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His disillusionment is with those that seem to embody the fulfillment of the American Dream and who feel no responsibility to their fellow man. Those, like the Buchanans, who are "careless people" who
smashed up things and creatures and then retreated back into their money or their vast carelessness or whatever it was that kept them together, and let other people clean up the mess they had made . . .
are the ones who earned Nick's contempt. At the end of the novel, Nick looks across the bay and tries to see it as those first settlers saw New York. It was a land that
pandered in whispers to the last and greatest of all human dreams.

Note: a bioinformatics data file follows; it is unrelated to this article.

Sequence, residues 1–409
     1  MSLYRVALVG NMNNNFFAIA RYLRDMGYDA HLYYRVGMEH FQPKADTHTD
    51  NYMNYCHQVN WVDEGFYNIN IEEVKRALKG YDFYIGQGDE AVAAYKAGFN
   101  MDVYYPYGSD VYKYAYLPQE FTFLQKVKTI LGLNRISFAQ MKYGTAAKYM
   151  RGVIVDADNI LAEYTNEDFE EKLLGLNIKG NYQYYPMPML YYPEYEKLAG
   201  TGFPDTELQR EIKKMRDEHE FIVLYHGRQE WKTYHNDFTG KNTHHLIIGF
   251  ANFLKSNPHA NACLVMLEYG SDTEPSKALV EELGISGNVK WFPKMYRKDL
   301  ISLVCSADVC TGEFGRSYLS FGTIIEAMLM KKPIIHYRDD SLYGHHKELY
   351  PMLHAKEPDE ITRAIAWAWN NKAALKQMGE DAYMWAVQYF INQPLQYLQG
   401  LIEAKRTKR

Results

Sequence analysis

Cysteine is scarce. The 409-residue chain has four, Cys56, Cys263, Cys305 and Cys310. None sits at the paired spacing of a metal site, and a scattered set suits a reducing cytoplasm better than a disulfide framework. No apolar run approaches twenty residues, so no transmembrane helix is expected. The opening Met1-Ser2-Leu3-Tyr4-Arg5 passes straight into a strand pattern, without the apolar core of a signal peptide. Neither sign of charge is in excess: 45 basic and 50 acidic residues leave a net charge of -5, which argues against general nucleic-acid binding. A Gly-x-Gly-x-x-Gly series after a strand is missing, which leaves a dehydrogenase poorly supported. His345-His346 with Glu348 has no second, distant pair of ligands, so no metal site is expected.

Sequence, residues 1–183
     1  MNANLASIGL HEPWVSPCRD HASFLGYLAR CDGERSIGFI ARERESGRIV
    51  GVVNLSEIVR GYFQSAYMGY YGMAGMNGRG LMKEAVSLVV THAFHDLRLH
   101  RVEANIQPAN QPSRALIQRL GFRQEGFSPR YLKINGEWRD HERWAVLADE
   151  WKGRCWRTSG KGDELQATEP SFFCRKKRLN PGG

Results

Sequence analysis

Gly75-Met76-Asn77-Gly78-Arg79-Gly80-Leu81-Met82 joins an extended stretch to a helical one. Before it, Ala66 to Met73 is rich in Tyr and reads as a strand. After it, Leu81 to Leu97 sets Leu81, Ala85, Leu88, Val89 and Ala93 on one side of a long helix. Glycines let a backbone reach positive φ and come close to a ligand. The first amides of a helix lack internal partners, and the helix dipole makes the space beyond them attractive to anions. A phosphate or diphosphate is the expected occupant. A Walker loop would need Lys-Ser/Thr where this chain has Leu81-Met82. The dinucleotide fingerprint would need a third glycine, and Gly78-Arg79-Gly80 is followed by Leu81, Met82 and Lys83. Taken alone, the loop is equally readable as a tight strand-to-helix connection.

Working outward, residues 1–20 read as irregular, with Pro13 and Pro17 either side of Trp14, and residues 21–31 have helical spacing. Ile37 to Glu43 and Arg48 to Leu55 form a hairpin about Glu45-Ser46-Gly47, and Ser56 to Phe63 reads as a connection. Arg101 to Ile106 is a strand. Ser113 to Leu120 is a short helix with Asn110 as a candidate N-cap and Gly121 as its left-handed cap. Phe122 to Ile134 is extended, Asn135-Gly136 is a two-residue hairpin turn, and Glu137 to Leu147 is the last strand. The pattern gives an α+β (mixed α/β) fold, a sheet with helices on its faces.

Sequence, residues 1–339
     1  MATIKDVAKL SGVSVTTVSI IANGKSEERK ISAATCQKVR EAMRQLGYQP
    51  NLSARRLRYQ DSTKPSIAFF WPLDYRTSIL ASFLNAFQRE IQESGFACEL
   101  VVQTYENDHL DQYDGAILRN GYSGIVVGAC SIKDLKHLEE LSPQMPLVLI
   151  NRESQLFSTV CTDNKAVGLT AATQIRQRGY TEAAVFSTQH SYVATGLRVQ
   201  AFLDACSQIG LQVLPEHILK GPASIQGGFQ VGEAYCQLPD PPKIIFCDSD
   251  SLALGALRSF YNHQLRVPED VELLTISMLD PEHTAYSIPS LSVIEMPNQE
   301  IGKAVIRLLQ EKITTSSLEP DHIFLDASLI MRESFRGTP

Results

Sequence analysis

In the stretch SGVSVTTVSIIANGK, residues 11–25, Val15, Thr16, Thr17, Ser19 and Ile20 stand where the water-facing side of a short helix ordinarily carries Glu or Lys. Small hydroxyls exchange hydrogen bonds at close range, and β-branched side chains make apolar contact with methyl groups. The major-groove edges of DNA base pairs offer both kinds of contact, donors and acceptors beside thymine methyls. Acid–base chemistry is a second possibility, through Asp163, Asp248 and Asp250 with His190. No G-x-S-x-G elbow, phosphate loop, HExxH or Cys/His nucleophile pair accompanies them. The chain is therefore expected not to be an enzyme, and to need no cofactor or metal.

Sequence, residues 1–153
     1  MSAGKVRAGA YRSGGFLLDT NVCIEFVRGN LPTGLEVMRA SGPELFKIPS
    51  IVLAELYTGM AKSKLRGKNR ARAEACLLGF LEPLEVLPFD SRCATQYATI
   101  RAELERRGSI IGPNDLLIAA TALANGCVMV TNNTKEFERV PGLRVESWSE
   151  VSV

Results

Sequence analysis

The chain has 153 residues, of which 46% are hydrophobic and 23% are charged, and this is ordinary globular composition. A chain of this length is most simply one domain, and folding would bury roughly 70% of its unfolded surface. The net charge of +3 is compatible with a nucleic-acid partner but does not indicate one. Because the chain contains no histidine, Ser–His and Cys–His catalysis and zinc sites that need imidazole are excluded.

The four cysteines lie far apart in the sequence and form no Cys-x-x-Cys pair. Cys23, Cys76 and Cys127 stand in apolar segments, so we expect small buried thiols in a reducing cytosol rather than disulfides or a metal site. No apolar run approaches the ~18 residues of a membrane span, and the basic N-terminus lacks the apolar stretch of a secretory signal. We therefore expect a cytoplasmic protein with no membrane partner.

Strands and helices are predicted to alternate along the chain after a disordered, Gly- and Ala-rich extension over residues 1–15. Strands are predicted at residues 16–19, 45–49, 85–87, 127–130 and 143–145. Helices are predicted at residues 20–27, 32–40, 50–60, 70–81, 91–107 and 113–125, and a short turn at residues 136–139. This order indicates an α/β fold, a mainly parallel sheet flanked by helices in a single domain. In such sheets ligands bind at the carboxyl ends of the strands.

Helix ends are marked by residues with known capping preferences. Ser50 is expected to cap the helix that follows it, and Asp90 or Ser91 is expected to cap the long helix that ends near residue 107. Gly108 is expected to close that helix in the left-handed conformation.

But the realization of those dreams in the form of the Buchanans results in empty and careless lives. Daisy wonders aloud what do people plan, and Tom attempts to find meaning in polo horses and mistresses. The result of the work of the early settlers is excess, stagnation, boredom, and selfishness.
Nick is not disillusioned with Gatsby because Gatsby was still reaching for something beyond him--no matter how unattainable.
Gatsby believed in the green light, the orgastic future that year by year recedes before us.
Gatsby had hope that the future would be better. Like Mrytle, Gatsby was striving for more than the status quo. The others remained stagnant, entombed in their vast wealth.
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